I recently ran across an article that challenged the old wives’ tale about wearing a hat because you lose most of your heat through your head. The article said, “The head as a body part represents about 10% of the average adult’s total body surface area, so in reality, only 10% of your body’s heat is lost from your head.”
Don’t count on a hat alone to keep you warm on cold winter days!
What does that have to do with structural insulated panels? In the building world, a parallel myth suggests that the most important place to insulate is the attic. Don’t get me wrong—the attic and your head are both important in the warm game. But the attic isn’t nearly as important as your walls in controlling energy costs.
According to a study out of Oak Ridge National Laboratory, “Heating and cooling loads associated with wall areas are the highest among all building envelope systems. That includes attic, doors, and windows.”
If you ask most builders where they’d like to see more insulation in a house, they’ll most likely answer “the attic.” However, just like the head in the body, the attic accounts for only a small portion of the building envelope so it doesn’t make the greatest impact in the energy equation.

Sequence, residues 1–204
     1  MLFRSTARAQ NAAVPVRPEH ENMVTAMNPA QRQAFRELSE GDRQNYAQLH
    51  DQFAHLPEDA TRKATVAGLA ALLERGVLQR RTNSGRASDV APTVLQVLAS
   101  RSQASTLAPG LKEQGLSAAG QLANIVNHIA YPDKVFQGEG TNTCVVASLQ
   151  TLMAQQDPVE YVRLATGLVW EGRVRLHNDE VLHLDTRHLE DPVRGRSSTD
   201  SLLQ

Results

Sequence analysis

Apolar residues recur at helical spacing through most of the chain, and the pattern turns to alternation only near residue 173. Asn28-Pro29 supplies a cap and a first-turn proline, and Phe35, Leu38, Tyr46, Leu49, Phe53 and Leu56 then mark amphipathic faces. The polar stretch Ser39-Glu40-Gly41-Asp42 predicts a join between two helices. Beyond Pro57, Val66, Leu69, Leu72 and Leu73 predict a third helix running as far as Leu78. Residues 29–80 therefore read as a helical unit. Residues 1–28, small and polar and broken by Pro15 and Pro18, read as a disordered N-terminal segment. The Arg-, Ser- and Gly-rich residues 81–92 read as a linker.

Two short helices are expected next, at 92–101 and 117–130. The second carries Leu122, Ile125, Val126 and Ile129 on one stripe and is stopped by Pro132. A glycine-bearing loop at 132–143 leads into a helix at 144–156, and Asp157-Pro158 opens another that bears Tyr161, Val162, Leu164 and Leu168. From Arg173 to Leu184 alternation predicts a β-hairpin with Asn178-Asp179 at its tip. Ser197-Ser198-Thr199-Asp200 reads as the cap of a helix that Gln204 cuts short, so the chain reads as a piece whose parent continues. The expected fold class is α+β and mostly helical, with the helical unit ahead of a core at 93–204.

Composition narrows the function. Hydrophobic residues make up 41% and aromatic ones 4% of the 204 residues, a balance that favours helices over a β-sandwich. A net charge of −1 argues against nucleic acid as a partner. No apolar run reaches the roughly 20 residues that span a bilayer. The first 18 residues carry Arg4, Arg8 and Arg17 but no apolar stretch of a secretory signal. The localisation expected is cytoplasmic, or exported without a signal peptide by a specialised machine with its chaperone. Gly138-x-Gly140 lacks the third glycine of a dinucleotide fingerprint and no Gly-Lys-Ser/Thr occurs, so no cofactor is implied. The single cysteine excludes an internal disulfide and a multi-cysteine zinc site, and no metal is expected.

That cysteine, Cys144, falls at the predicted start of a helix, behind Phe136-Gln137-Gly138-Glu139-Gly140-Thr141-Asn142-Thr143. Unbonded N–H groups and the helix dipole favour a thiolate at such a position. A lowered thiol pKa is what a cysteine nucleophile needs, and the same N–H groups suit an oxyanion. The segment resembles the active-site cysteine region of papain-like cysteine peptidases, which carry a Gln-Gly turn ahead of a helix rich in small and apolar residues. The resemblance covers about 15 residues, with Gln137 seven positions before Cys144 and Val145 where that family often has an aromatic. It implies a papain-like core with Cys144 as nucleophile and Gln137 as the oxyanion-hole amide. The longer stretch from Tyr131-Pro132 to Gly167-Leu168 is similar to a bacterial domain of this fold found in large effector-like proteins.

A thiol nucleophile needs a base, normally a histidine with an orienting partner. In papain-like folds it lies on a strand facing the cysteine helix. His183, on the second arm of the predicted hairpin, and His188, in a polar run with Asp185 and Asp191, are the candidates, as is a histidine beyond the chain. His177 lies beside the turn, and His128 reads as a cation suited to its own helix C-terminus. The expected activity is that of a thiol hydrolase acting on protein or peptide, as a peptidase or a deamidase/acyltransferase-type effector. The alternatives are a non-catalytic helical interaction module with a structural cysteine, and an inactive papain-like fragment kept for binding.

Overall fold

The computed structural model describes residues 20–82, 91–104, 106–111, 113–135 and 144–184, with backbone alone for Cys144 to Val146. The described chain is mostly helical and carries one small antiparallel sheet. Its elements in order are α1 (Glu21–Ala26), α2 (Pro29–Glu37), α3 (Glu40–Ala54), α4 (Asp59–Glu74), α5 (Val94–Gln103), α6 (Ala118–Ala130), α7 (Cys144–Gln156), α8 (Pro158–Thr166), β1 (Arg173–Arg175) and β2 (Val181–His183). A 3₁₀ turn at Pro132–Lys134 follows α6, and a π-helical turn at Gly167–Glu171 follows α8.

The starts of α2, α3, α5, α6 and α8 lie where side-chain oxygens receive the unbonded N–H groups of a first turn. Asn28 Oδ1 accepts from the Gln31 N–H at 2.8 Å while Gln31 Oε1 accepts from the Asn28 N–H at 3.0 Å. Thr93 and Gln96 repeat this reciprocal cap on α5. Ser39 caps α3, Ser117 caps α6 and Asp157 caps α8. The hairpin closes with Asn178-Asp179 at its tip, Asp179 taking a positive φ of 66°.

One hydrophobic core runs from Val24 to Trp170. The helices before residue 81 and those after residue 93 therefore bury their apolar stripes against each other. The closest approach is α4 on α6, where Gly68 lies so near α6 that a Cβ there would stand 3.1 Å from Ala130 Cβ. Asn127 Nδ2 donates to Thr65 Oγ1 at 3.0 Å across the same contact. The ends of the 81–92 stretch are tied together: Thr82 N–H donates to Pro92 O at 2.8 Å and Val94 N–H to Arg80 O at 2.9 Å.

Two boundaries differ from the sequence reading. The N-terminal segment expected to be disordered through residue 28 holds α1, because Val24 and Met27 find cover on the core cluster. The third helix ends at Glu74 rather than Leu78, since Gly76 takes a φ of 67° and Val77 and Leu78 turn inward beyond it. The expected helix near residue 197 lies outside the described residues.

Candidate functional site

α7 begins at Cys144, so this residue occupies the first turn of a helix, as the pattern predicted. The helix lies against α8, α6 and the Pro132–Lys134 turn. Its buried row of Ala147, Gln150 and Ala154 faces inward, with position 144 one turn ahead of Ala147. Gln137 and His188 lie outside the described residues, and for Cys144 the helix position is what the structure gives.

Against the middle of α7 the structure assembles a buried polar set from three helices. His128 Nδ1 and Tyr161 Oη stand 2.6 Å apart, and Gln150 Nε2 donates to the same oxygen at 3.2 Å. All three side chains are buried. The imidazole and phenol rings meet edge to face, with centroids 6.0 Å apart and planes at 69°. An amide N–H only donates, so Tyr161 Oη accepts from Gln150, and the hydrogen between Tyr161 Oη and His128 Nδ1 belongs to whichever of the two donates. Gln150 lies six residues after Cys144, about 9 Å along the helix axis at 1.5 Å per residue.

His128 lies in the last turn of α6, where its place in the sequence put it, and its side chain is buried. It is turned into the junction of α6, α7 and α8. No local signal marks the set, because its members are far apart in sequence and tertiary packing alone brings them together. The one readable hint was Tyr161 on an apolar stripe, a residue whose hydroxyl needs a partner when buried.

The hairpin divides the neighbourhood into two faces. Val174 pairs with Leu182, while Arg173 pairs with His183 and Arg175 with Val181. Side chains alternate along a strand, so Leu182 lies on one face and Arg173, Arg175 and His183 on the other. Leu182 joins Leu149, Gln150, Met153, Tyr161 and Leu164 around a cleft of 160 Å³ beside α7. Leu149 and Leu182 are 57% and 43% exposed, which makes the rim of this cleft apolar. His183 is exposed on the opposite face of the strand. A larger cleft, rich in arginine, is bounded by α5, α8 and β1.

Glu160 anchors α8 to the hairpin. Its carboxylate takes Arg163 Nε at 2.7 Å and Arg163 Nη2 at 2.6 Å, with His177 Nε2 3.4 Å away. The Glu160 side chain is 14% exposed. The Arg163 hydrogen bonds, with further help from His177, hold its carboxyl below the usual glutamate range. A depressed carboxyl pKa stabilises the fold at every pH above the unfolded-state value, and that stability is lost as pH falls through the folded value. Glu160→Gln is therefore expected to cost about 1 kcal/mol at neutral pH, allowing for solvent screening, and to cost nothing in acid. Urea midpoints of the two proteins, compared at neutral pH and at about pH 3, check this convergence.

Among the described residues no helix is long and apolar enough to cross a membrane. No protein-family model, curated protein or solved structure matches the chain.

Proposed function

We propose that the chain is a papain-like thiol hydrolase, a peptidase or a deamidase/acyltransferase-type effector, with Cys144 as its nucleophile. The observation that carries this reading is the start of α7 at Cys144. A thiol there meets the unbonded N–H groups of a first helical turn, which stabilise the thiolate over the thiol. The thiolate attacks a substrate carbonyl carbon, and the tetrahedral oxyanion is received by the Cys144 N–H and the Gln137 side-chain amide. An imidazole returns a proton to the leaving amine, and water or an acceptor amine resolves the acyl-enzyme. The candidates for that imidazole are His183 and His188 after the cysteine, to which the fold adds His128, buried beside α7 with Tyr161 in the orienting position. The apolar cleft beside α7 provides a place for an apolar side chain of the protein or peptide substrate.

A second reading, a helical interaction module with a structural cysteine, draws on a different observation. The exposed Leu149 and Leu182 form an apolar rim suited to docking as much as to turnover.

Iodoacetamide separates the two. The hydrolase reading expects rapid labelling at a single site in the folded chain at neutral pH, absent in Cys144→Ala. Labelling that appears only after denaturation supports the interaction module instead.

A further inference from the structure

Don’t build your home based on old wives’ tales. Modern building envelopes need the most insulation in the walls, with systems like Thermocore SIPs. Insulated attics, like hats, are great. But structural insulated panels give you the warmest coat possible. That’s how you win the warm game.
As we start a new year, we are very grateful for the projects we’ve been involved with and the customers with whom we’ve had the pleasure to work. We’re in our 16th year of designing and manufacturing energy-efficient structural insulated wall and roof systems, and we’ve tried to remain industry innovators in efforts to provide better insulation and a faster build. Comes in handy with the frigid, snowy weather that’s hit so much of the U.S. over the past month!
I believe that 2014 will increase awareness of energy-efficient building as an investment, not an expense, with products like SIPs improving monthly cash flow and creating more comfortable environments. So happy New Year and happy building from all of us here at Thermocore!
Seeing is believing, so click on the links below to explore the Thermocore difference: